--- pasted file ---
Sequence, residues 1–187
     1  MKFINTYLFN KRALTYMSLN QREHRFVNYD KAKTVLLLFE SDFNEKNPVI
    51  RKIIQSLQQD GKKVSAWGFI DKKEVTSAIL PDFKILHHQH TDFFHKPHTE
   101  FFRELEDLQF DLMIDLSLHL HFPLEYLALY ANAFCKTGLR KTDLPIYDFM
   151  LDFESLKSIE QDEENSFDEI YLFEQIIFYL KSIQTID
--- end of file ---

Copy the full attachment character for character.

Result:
Sequence, residues 1–187
     1  MKFINTYLFN KRALTYMSLN QREHRFVNYD KAKTVLLLFE SDFNEKNPVI
    51  RKIIQSLQQD GKKVSAWGFI DKKEVTSAIL PDFKILHHQH TDFFHKPHTE
   101  FFRELEDLQF DLMIDLSLHL HFPLEYLALY ANAFCKTGLR KTDLPIYDFM
   151  LDFESLKSIE QDEENSFDEI YLFEQIIFYL KSIQTID